Senior Financial Beat: Fraud Alert and Clerical Error in GIS Payments

September 1, 2015 · Print This Article

Was an error made in your GIS payments?

Remember the Monopoly card that gave you money because a bank made an error in your favour? If you qualified for the Guaranteed Income Supplement (GIS) for the last several years, you may just have had a similar error made by the Canadian government.

150,000 files nationally are being reviewed by the federal government, including 23,400 in Alberta, for an error which saw low-income Canadians not receiving an increase in payments which they qualified for. While the federal government is reviewing files, if you have not received an increase in the last few years, or are just concerned about your file, contact Service Canada to have it reviewed.

The Guaranteed Income Supplement is given to low-income Canadians over the age of 65 who qualify for Old Age Security (OAS). To find out more about GIS, visit the federal government’s website.

Single female seniors target of Canada Revenue scam

Toronto police have advised that single female seniors are the target of a recent phone scam in which the fraudsters represent themselves as being part of the Canada Revenue Agency (CRA). They claim that the targets haven’t paid taxes, and usually use information gleaned from social media accounts to make themselves sound knowledgeable about the target.

They are very aggressive and will threaten things like immediate arrest. They will ask for funds to be transferred electronically or put onto prepaid credit cards, something which a CRA representative will never ask for.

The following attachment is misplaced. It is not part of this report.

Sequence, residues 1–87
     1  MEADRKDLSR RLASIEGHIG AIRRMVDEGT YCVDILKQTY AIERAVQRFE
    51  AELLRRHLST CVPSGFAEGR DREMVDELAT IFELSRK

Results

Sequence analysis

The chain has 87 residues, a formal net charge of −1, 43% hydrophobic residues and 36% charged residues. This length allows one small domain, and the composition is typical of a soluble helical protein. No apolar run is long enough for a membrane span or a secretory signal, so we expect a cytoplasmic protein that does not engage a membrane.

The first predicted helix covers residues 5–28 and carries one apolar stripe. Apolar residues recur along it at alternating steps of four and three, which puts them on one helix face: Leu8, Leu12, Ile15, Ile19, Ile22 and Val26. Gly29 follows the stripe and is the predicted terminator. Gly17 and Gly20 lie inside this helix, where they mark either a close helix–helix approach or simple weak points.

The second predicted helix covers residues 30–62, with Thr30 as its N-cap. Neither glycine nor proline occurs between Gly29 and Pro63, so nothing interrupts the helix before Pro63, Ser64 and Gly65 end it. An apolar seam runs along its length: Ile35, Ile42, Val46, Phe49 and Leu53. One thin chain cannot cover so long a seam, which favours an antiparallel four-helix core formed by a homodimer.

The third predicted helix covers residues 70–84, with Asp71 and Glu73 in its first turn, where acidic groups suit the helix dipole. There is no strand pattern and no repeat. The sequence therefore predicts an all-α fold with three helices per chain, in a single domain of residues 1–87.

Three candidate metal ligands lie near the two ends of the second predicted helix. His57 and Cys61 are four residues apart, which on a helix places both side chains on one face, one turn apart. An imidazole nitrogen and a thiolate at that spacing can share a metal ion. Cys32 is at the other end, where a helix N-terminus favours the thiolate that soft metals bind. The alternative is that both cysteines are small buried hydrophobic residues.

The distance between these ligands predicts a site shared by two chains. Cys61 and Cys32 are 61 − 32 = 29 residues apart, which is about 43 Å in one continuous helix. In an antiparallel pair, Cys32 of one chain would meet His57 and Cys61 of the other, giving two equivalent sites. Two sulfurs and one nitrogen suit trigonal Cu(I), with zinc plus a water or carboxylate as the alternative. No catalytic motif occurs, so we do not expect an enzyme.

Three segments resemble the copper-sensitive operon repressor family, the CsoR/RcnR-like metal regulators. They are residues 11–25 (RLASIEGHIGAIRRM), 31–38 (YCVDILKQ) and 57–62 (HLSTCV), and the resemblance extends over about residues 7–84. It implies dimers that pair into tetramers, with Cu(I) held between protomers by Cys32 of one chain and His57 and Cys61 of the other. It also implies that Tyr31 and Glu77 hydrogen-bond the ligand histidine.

If you actually have unpaid taxes, CRA will send you notices in the mail. Electronic communication is almost never used by CRA except through their self-service online portal. You will only receive a call from a CRA representative if you receive several notices about unpaid taxes, and they will never ask for electronic transfers except through the CRA self-serve online portal. They will never be aggressive, rude, or threaten you.

Recipients of these calls are encouraged to report them to the police. Note the date, time, and phone numbers and names that show up on call display – bearing in mind that numbers can be spoofed and the owner of the number may not know what it is being used for. If you receive any calls that you aren’t sure about, ask a neighbour or a friend to vet the call and the request for you before taking any action, or contact the Canadian Anti-Fraud Centre to walk you through the process.